5. Being a front runner, how would you like to inspire your fellow cadets?

I would like to leave this quote “Create the highest and grandest vision for your life, because you become what you believe”.

I believe that I will become one of the ships’ captains in the world no matter how hard, no matter how long it will take and no matter how many problems may arise as I take my journey to success, I will keep on fighting and striving for it.

Always give you best shots in everything you do. Study and learn new things every single day. Do not waste time for not valuable things – Be productive!

Keep on motivating yourself when you’re feeling down. Struggles are no excuses for giving up on your dreams.

Lastly, your future is in your hand. Be strong enough facing the challenges in life.
Remember that no matter how hard you’ve gone through just keep on fighting for your dreams and one day, all you hardships will pay off.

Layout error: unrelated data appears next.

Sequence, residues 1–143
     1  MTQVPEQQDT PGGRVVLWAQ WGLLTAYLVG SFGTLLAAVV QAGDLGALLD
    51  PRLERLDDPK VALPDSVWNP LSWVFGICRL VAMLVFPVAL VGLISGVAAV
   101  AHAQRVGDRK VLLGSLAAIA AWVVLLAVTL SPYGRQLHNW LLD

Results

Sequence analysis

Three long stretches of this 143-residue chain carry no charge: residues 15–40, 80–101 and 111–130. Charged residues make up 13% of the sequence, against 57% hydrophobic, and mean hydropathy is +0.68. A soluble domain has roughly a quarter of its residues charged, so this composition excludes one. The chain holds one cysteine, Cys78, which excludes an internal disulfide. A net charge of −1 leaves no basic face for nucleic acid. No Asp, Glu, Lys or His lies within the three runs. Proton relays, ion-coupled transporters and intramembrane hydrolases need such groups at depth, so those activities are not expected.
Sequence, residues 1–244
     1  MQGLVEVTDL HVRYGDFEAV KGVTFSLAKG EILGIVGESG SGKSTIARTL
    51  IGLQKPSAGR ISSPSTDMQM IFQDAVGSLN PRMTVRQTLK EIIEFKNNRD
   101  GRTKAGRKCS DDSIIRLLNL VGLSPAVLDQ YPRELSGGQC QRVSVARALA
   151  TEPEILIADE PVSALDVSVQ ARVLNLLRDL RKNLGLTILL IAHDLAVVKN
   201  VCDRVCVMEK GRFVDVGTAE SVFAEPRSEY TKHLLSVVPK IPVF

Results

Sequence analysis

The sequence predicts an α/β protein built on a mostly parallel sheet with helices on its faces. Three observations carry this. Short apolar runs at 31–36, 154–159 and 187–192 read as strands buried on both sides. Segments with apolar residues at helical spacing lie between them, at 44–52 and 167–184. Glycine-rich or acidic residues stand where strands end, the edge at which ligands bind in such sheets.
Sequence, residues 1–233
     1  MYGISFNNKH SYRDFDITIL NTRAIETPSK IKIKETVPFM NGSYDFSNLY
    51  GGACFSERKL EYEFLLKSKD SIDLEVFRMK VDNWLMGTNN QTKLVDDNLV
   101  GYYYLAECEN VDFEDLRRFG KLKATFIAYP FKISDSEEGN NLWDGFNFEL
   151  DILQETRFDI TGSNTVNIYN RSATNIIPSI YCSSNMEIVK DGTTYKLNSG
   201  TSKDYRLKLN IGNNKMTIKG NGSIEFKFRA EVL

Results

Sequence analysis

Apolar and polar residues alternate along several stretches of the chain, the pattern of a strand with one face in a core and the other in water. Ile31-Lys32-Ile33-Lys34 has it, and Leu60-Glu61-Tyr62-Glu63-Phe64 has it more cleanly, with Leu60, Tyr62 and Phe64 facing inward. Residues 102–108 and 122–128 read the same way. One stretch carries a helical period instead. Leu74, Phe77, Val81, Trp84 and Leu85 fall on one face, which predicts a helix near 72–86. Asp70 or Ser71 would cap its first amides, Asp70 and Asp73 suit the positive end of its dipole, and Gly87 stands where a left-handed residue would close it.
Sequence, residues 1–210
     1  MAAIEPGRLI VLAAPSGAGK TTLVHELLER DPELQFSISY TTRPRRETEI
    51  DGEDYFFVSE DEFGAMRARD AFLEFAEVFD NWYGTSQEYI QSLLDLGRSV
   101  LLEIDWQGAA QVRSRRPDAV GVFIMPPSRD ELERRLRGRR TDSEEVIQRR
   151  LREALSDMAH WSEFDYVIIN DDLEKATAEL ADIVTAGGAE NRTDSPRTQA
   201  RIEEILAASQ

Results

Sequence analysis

Good luck to all of you guys. I am wishing you all the best in your future endeavors.

So, how not to be lousy cadet?

In my own opinion, you don’t have to copy-paste someone else. Rather, why not write the best version of your own success story?

Mind you as well that to achieve our goals, we have to keep ourselves inspired.

If you’re looking for someone who can inspire you, I think you have me as a horrible warning, and Jake here as a very good example! 😂

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Photos screen grab from Facebook/Jake Paras.

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1 reply »

  1. I’m 22 years old too and I’m a 2nd mate here in domestic. Next month I’ll be taking my Chief mate license, and still @ 22. Got my OIC license when I was just 20. Just saying. Lol